Nizami Ganjavi, The Epic Persian Poet: 500 Manat (Azerbaijan, 1999)-Article

Updated: 5 days ago

This Azerbaijani banknote represents the 1st denomination of the Second Manat (Series 1993). After the dissolution of the Soviet Union, on 26 December 1991. The Soviet 7th Ruble (1991-1993) remained the currency of its successor states. This post-Soviet economic pact was known as the "Ruble Zone".

Azerbaijan along with Armenia and Georgia were amongst the first nations to leave the Ruble Zone. On 15 August 1992, Azerbaijan replaced the Soviet Ruble with the Second Manat. The exchange rate was 10 Soviet Rubles to 1 Manat. The Second Manat remained the official Azeri currency for over a decade.

On 1 January 2006, the Third Manat replaced the Second. The exchange rate was 5,000 ""Old" to 1 "New" Manat.


The observe features a large portrait of epic poet Nizami Ganjavi (1141–1209 CE), at its right side. Nizami work is greatly appreciated amongst the region known as Greater Iran. He was born in Ganja (now Azerbaijan), during late Seljuk Empire (1037–1194). His Persian language poems deal with subjects of romance and heroism, including historical figures such as Alexander the Great.

At the center is a large number "500", representing the note 500 Manat value. Surrounding it is a pattern of pastel color 8-pointed stars and "X"s. Above is the text "AZƏRBAYCAN MİLLİ BANKI", which translates to "National Bank of Azerbaijan". While the footer takes the form of an ornate frame.

Moving to the left we can see the note's watermark area. When backlit 3 flames appear, a reference to Azerbaijan's Old Iranian name, "The Land of the (Holy) Fire". Due to it's deep ties to the ancient Persian religion of Zoroastrianism. Which known for its fire temple, a representation of purity.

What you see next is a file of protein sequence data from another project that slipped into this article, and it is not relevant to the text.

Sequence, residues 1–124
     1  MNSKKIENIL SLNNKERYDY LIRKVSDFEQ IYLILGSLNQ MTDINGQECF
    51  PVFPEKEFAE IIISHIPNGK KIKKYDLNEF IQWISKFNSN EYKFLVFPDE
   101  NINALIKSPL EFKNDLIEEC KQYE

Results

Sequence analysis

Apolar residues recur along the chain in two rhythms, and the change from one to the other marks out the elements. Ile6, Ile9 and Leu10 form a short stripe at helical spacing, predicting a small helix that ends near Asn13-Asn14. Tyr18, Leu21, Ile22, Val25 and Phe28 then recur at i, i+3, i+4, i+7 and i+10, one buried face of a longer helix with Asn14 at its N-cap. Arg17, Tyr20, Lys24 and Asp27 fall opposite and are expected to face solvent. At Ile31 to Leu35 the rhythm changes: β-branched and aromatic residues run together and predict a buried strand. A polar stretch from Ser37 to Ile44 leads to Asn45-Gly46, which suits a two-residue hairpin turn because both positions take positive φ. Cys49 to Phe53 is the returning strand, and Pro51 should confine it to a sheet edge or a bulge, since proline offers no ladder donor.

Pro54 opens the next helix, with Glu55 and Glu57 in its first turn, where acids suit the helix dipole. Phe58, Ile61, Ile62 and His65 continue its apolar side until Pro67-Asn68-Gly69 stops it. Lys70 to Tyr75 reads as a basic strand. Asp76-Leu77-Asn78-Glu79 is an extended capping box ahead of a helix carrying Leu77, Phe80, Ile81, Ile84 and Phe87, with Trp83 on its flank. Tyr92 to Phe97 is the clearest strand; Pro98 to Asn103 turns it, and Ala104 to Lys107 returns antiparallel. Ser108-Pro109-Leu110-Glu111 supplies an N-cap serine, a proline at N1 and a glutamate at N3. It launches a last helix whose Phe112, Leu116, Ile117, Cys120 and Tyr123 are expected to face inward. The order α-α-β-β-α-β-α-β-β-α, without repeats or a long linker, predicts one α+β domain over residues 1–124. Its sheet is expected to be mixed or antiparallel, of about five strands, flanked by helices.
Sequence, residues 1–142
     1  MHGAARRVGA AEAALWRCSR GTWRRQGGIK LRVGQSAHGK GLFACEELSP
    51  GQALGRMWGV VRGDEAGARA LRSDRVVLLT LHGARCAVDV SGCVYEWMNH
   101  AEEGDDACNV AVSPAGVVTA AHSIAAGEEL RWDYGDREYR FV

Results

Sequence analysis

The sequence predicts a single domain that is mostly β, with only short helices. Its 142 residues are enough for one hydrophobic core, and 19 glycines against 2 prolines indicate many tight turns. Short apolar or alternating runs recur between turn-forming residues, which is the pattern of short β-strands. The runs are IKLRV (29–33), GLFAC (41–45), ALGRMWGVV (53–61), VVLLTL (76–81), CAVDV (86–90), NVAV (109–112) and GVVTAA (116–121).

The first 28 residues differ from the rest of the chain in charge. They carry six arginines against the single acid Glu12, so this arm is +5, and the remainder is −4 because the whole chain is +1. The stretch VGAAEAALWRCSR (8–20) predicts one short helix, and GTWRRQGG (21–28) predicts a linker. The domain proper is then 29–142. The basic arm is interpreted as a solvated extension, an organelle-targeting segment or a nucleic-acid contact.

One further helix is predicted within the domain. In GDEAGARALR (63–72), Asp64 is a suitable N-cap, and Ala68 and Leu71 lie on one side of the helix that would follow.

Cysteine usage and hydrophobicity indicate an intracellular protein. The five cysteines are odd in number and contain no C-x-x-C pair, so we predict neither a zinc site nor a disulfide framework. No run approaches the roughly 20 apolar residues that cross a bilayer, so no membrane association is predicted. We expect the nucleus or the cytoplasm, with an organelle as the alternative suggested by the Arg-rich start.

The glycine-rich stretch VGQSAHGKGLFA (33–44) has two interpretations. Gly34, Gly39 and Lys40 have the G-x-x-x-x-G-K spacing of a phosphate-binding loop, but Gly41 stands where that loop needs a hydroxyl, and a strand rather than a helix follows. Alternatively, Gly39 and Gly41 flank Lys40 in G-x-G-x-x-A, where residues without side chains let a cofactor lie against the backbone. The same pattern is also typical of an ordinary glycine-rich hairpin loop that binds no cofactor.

At the top of the watermark area is a decorative frame. Inside is a latent image, when properly lit and angled it reads "AMB". These are the Azeri initials of the National Bank of Azerbaijan. Below this latent image is one of the note's dual serial number, it reads "CB3384935".

At the bottom of the watermark area is an 8-pointed star, with a number "500" inside. While the number inside simply refers to the note's value. The star itself has cultural symbolism, as the Islamic khatim-sulayman. Translated as “seal of the prophets”, it represents life from birth to death.

The second serial number can be seen on the lower-right, on Nizami's portrait.


The reverse features an ornate Turkic-Persian style frame and underprint. Inside this frame is the text "BEŞ YÜZ MANAT", it translates to "Five Hundred Manat". Just as the observe the header refers to the "National Bank of Azerbaijan". The transparency of this header points to it being an overprint. As does the center frame and the header text above it.

At the lower-left is an additional number "500", it rests on a light blue backing. Notably it subtlety contains guilloché work inside. Which is only scantily used on this note. The only other notable instance of guilloché being behind observe latent image.

At the lower-right corner is an additional number "500". It rests on a false guilloché backing and is surrounded by a highly ornate frame. Some iridescent fibers can be seen nearby, on the watermark area. UV light exposure will make this fiber more visible.

Additional Notes

  • This note's dimensions are 126 x 63 mm or 4.96 x 2.48 in, smaller than a US Dollar.

  • The preferable method to preserve this note are standard size protective sleeves.

  • The Second Manat ISO code was ARM, it uses "" as its official symbol.

  • The Manat is subdivided into 100 Qapik, which is derived from the Russian Kopeck.

  • Coins denominated in Qapik were rarely used due to rising inflation, making them impractical.

  • A lower case letter "m" can be used in place of "", when Unicode (U+20BC) is unavailable.

  • The First Manat circulated in the Azerbaijan Democratic Republic, from 1919-1923.

2 views0 comments